ICHR calls for overhaul of law on cybercrime
Graphic: A laptop computer sits half closed on a desk
The call follows local internet service providers being ordered to block access to at least 25 news websites within the West Bank and Gaza.
The Independent Commission for Human Rights (ICHR) and the Palestinian Journalists Syndicate (PJS) have called for substantial amendments to the Decree Law No.10 of 2018 on cybercrime to bring it into line with Palestine's international human rights commitments.
On 17 October, the Ramallah Magistrate Court ordered local internet service providers to block access to at least 25 news websites within the West Bank and Gaza, following a request from the Palestinian Attorney General's Office, according to the PJS, the Skeyes Center for Media and Cultural Freedom and the Arab Center for the Advancement of Social Media.
The order was issued under Article 39 of Decree Law N0.10, which allows authorities to direct internet service providers in the West Bank and Gaza to block websites that allegedly threaten national security, civil peace, public order or public morals.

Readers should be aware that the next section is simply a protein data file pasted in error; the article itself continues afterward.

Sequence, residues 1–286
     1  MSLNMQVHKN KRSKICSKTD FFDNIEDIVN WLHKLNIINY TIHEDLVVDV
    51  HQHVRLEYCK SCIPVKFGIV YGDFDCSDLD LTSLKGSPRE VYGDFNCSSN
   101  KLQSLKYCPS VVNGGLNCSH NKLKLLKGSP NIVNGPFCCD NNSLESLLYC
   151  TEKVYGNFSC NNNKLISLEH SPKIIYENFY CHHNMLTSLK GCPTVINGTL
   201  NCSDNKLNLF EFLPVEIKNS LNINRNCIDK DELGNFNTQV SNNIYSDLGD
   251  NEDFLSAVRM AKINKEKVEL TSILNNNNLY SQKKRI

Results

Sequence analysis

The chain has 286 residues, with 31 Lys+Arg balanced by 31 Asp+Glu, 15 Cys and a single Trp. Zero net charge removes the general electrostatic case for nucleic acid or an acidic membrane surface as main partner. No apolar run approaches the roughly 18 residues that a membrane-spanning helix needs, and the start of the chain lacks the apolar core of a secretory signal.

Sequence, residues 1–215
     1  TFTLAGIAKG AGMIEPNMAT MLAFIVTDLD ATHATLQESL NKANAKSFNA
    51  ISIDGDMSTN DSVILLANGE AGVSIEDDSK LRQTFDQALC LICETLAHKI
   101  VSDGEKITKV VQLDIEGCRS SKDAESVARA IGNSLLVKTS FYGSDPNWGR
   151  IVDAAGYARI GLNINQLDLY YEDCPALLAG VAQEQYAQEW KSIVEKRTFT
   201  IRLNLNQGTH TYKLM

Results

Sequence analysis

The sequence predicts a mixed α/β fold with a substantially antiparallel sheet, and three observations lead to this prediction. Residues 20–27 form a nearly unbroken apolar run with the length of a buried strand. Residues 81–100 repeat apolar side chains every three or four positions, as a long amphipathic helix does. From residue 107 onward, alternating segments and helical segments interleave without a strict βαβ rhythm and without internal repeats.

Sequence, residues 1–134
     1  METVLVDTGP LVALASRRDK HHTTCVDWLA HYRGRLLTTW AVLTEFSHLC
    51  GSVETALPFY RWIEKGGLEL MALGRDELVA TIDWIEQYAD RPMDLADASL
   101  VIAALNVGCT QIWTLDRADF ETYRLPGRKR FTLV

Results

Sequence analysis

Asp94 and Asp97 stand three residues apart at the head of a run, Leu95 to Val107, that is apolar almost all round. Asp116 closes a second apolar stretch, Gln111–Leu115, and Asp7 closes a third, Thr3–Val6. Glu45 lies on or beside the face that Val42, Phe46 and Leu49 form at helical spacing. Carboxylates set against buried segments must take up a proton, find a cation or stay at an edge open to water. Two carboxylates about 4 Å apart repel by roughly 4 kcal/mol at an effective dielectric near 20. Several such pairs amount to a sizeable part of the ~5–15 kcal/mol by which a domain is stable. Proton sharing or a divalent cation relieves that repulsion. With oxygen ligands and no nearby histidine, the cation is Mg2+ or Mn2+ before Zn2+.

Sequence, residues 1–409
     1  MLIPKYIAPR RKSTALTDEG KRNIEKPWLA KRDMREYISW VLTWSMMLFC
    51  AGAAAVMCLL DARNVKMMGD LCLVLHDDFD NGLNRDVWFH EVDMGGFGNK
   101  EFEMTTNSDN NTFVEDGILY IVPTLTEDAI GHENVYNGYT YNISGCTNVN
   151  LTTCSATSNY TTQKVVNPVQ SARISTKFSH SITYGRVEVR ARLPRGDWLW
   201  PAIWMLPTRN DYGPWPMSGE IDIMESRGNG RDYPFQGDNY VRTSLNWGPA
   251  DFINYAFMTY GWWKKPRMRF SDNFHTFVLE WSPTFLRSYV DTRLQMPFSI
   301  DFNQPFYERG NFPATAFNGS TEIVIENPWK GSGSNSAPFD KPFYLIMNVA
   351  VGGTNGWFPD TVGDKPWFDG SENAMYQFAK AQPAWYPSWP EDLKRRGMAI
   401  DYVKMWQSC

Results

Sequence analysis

The security services initiate blocking requests via the Attorney General's Office, according to that law.
The proposed amendments put forward by the ICHR and the PJS aim to ensure a balance between a modern law that can address cybercrime, while promoting and respecting human rights and fundamental freedoms, in particular the right to freedom of opinion and expression.
One of the central proposals is to abolish Article 39, which allows websites to be blocked based on unclear and unspecified reasons.
"This is a clear violation of citizens' right to freedom of opinion and expression and their right to access information," the ICHR said in a statement on its website.
Date: 28 October 2019
Source: ICHR / Committee to Protect Journalists
- A laptop computer sits half closed on a desk - Photo by Vino Li on Unsplash